Finding a new way forward

Canada’s settler history with Indigenous peoples is not a noble one, whether we consider theft of land, poisoning the environment, taking over Indigenous governments, the residential school system, destruction of culture or violence perpetrated against Indigenous women. The present – ongoing violence against Indigenous women, lack of housing and adequate funding for education on reserves, contaminated drinking water on reserve, the high rate at which Indigenous women and men are incarcerated, poverty and both overt and subtle systemic and individual racism — doesn’t look a whole lot (or any) better.

Perhaps nowhere are both history and present more starkly evident than in the treatment of Indigenous children in the child welfare system. While Indigenous children make up just 7.7 percent of Canada’s child population, they make up 52.2 percent of children in foster care across the country.

According to Cindy Blackstock, long-time advocate for Indigenous children and Executive Director of the First Nations Child and Family Caring Society, more than three times the number of Indigenous children are placed in state care today than were put into the residential school system at the height of its operations.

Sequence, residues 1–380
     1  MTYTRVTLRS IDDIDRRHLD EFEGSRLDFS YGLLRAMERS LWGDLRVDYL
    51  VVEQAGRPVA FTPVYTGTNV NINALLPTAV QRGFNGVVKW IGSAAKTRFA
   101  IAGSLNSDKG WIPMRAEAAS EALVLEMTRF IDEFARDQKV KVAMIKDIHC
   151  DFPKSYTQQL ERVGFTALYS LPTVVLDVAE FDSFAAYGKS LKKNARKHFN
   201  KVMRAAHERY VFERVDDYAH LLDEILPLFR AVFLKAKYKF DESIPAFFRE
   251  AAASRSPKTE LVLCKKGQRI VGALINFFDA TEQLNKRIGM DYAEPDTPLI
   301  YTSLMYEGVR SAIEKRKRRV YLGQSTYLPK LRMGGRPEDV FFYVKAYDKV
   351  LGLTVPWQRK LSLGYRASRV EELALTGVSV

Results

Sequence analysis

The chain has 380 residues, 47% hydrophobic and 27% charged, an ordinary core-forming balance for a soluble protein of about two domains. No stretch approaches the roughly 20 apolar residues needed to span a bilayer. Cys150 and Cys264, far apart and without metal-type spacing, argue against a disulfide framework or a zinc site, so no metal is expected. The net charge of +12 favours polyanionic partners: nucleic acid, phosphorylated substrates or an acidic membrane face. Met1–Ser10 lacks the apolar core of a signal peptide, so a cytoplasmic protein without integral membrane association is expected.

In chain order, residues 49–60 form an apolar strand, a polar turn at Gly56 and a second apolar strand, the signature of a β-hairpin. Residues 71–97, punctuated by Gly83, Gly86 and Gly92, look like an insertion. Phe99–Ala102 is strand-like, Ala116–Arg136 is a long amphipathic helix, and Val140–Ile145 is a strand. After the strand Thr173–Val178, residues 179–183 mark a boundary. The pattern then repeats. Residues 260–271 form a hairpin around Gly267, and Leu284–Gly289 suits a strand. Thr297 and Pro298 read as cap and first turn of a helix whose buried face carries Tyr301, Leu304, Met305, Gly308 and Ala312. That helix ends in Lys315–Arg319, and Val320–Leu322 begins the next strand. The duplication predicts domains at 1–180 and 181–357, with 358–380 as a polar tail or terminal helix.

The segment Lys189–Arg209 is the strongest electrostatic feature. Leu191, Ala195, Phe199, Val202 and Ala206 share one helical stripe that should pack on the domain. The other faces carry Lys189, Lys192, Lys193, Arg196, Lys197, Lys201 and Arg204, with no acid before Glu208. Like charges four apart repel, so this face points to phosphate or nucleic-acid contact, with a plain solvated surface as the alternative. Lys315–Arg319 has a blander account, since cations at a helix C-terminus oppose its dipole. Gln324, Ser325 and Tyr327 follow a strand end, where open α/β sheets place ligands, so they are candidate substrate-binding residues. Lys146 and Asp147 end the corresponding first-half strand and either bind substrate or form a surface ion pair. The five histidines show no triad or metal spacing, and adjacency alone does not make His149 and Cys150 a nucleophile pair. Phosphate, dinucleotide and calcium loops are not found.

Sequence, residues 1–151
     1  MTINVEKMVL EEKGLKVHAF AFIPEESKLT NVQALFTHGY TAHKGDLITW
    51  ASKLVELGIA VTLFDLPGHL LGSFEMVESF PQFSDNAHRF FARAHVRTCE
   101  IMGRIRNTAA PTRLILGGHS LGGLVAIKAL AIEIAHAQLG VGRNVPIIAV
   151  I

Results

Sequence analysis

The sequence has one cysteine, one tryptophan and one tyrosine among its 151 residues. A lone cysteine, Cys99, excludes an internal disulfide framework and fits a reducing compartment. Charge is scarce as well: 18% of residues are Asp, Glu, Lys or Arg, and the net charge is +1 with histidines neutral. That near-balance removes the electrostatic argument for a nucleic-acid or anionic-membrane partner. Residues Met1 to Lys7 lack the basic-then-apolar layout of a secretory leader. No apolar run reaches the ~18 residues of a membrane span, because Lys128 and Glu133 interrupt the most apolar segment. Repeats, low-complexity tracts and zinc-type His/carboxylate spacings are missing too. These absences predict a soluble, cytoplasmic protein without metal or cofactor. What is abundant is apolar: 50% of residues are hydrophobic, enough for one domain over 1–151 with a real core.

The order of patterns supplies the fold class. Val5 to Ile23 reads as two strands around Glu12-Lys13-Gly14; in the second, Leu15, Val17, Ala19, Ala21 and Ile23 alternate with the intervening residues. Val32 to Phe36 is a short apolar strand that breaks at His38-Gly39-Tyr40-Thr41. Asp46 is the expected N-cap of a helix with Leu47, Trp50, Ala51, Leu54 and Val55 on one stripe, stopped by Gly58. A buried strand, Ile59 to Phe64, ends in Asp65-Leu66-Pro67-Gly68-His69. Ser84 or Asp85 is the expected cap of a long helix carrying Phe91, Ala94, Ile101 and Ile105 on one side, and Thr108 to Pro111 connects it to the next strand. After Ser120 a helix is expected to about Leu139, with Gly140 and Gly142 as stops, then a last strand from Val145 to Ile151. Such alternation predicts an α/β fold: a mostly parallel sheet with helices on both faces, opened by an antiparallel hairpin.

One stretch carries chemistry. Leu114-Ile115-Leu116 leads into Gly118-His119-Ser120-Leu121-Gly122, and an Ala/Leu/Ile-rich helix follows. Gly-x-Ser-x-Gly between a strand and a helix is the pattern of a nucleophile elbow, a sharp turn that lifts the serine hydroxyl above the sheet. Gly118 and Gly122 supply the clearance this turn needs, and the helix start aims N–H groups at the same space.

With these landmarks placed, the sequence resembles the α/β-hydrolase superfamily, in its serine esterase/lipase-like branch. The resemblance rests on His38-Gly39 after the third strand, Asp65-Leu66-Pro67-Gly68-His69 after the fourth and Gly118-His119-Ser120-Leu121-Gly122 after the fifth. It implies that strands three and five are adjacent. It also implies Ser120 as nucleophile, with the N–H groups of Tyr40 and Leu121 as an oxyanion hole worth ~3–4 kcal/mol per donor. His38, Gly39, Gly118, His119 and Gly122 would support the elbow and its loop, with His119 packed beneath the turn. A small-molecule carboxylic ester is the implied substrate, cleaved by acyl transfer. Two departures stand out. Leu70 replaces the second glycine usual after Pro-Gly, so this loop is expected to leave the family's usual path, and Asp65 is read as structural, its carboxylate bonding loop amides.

One small step

There are many reasons that so many Indigenous kids find their way into state care, almost all of them rooted in racism both historic and ongoing. Parents raised in the residential school system often lack the skills to be the best parents they could be, because they had no parenting role models to learn from. Lack of adequate pre-natal care can flag pregnant Indigenous women for state attention. Ongoing violence against women, poverty and no safe, affordable housing create further barriers, as does multi-generational trauma within individual families.

In July, Ontario’s government took an important first step towards changing the direction of child protection authorities in their dealings with Indigenous families: it announced that, as of October 15th, it is ending the long-standing, although never required, practice of birth alerts.